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November 24, 2015

Volkswagen making progress on diesel emissions fixes

Volkswagen has said it has German approval to repair about 70% of its 'rigged' diesel engines and made a deal with US regulators to resubmit questionable software in other vehicles for review.

Volkswagen has said it has German approval to repair about 70% of its 'rigged' diesel engines and made a deal with US regulators to resubmit questionable software in other vehicles for review.

According to Bloomberg, VW CEO Matthias Mueller told about 1,000 company executives in Wolfsburg German automotive regulator KBA has approved a software update for two-litre diesel engines and agreed in principle to a plan for 1.6-litre engines.

Audi, meanwhile, said the US Environmental Protection Agency and California Air Resources Board had agreed to let the automaker seek approval for a revised version of software in 85,000 diesel engines targeted in the latest probe by US regulators. If approved, the fix should cost roughly EUR50m (US$53m).

Because the simpler fix approved by Germany's KBA applies throughout Europe, the recall may cost EUR10bn instead of EUR16bn, Stuart Pearson, a London-based analyst with Exane BNP Paribas, told Bloomberg.

"VW is far from out of the woods yet, however," Pearson wrote in a note to investors on Tuesday, citing potential for customer compensation payouts and class-action lawsuits. "A technical fix for the US is yet to be agreed with regulators, and VW may yet need to buy back a portion of the US vehicles."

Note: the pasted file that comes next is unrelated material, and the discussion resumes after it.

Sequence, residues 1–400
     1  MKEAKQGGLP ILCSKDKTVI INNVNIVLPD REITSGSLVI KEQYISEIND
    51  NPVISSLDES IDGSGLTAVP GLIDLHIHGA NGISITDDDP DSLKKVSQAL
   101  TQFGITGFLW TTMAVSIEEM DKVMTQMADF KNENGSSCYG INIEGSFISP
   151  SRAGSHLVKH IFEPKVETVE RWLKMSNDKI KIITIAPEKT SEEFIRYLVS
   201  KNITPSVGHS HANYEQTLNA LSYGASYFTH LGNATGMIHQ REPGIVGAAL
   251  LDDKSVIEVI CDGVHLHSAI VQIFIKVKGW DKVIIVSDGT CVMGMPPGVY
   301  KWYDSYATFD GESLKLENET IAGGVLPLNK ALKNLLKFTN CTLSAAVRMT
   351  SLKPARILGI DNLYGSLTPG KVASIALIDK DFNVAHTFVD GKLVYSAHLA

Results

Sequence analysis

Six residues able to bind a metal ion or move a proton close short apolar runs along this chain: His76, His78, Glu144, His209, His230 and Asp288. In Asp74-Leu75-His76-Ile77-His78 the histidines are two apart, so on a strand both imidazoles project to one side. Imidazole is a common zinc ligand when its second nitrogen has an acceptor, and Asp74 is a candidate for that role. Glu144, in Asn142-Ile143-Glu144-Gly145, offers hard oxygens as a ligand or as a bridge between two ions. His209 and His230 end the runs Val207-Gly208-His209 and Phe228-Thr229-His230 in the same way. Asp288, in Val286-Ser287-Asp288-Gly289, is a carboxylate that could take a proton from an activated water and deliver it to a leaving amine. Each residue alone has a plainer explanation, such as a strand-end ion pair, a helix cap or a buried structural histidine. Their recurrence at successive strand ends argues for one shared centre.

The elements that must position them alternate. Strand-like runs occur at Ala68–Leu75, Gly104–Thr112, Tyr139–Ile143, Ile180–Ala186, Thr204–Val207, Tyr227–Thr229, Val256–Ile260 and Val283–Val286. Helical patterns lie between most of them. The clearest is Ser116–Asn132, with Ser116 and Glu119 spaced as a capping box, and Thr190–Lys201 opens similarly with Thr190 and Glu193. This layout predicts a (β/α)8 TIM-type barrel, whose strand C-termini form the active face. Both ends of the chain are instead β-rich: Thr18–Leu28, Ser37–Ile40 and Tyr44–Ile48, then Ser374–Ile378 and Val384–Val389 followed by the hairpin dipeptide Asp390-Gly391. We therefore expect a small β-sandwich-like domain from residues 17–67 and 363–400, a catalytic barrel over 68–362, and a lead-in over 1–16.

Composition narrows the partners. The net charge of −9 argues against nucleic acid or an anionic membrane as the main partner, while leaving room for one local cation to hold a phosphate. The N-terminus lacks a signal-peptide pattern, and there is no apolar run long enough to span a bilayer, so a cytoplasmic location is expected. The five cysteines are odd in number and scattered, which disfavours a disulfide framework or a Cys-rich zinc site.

The 1.2-litre diesel probably only needs a software update, with the plan to be presented to the KBA by the end of the month, Mueller said, according to Bloomberg. The repair for the 1.6-litre engine is less complex than initially suspected. In addition to upgraded software, the cars will need "relatively simple changes" to the air filter system, according to the CEO. 

The costs and complexity of the fixes, which apply to more than 90% of the affected vehicles in Europe, are "manageable", he said in excerpts of the speech obtained by Bloomberg. He didn't elaborate on expected regulatory fines and lawsuits in the US and Europe.

"Our assumption that substantive changes to the motor would be necessary have not come true," Mueller reportedly said in the speech. He didn't comment on what affect the fixes may have on the vehicles' acceleration and fuel economy.

According to Bloomberg, Mueller, appointed in the wake of the scandal, said he planned to present an interim report on the status of the investigation in mid-December as the final results will still take several months. Ultimately, he plans to present a new strategy by mid-2016. The goal is to shake up the company's autocratic structure and re-focus on three topics: digitalisation, sustainability and integrity.

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